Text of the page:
verb (used without object), stank or, often, stunk; stunk; stink·ing.
verb (used with object), stank or, often, stunk; stunk; stink·ing.
Origin of stink
Synonyms for stink
verb (tr, adverb)
verb stinks, stinking, stank, stunk or stunk (mainly intr)
Word Origin for stink
Old English stincan "emit a smell of any kind" (class III strong verb; past tense stonc), from West Germanic *stenkwanan (cf. Old Saxon stincan, Old High German stinkan, Dutch stinken), from the root of stench. Old English swote stincan "to smell sweet," but offensive sense began in Old English and was primary by mid-13c.; smell now tends the same way. Figurative meaning "be offensive" is from early 13c.; meaning "be inept" is recorded from 1924. To stink to high heaven first recorded 1963.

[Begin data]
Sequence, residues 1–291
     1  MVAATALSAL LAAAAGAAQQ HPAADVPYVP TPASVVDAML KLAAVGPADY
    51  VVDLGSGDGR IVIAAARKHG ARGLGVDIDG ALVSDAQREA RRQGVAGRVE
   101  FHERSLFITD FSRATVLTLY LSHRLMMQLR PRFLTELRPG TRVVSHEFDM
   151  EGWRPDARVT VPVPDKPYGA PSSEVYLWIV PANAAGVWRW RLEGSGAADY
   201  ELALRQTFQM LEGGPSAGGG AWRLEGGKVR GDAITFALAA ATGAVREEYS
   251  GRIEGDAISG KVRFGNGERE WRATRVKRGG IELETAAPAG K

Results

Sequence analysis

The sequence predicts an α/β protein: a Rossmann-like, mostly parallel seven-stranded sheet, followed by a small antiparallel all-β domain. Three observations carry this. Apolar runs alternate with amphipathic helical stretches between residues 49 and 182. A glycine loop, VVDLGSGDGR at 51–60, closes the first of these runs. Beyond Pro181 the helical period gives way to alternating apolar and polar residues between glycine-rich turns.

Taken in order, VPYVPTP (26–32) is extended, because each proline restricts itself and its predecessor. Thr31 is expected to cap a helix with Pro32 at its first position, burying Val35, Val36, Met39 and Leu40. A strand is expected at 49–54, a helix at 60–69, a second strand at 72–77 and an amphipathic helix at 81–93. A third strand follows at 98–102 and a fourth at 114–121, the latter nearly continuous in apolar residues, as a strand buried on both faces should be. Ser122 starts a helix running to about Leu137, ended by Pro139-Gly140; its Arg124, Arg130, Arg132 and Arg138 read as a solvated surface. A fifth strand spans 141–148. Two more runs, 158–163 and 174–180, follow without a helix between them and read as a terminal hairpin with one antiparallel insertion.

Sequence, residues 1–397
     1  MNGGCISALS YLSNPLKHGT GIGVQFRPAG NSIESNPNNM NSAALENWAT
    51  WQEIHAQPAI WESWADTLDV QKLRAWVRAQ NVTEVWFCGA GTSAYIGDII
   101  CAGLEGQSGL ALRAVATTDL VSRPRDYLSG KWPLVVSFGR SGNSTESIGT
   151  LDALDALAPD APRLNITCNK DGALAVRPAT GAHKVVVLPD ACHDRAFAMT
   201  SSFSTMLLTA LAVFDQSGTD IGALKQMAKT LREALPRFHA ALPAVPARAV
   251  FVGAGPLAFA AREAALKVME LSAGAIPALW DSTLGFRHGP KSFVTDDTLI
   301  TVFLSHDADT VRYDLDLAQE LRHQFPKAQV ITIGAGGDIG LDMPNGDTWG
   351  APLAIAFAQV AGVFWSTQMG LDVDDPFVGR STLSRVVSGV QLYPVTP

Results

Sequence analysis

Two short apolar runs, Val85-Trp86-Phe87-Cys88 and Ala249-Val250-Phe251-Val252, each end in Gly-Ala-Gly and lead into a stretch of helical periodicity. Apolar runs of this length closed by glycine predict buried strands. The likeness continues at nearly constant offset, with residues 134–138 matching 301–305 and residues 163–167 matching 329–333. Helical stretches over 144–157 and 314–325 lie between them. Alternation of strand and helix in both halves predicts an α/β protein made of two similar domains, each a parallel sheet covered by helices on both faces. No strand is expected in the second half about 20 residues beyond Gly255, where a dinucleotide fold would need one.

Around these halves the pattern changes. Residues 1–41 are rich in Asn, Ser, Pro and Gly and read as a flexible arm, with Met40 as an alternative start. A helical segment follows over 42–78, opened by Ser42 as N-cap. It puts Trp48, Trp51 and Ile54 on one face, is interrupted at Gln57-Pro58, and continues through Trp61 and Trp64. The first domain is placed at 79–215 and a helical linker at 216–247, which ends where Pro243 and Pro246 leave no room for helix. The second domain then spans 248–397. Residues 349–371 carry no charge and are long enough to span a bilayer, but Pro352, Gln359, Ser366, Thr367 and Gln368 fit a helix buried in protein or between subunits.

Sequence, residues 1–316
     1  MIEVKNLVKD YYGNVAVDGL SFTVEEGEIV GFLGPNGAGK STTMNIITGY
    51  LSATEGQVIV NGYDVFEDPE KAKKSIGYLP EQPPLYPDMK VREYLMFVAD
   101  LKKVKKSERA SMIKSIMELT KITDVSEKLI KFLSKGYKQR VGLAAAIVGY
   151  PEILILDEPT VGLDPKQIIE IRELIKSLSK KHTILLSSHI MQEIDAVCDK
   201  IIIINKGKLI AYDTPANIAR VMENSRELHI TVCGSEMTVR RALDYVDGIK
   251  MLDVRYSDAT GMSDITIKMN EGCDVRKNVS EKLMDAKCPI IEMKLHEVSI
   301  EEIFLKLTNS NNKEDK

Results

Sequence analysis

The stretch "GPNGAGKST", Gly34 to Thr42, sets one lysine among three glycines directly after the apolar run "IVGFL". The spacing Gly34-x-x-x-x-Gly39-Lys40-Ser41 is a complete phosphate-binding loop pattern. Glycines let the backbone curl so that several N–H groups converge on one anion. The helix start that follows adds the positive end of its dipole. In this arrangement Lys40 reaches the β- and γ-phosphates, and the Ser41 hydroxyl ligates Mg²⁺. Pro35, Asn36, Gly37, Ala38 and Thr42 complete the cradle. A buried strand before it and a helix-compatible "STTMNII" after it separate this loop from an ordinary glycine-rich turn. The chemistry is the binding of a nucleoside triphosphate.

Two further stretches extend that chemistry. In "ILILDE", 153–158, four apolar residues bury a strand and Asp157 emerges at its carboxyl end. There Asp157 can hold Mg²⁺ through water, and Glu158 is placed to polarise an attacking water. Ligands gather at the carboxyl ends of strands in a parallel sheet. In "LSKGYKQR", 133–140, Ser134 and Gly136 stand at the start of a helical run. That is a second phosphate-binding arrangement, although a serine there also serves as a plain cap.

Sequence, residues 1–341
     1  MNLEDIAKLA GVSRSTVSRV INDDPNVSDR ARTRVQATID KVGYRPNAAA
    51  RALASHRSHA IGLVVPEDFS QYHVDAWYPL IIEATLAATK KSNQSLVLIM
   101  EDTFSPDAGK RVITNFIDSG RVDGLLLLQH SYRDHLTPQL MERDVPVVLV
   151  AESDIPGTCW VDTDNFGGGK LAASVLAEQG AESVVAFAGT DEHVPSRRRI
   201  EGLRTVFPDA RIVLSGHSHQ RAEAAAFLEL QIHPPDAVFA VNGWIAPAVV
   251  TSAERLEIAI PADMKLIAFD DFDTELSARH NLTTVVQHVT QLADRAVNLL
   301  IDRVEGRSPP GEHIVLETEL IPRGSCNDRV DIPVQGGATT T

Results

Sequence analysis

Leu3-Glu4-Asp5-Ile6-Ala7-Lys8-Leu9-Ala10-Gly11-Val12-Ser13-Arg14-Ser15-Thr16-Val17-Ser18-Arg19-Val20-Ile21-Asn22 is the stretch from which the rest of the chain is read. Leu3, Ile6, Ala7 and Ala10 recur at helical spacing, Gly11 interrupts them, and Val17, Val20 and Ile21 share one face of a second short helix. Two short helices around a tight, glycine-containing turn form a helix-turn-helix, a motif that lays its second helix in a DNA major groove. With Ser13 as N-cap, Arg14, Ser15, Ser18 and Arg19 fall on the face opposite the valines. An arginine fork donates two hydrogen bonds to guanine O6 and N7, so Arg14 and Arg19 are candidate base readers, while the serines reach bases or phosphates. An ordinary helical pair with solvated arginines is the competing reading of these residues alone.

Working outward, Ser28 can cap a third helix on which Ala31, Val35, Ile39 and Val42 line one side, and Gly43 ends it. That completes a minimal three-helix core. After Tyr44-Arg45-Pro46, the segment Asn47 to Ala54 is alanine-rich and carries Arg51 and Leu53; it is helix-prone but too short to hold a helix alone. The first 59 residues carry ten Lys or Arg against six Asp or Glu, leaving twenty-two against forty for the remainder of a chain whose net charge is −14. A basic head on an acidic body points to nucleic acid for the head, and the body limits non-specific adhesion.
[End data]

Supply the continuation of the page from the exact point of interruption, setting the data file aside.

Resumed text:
c.1300, from stink (v.). Sense of "extensive fuss" first recorded 1812.
In addition to the idiom beginning with stink
- stink to high heaven
- big stink
- make a stink
- smell (stink) up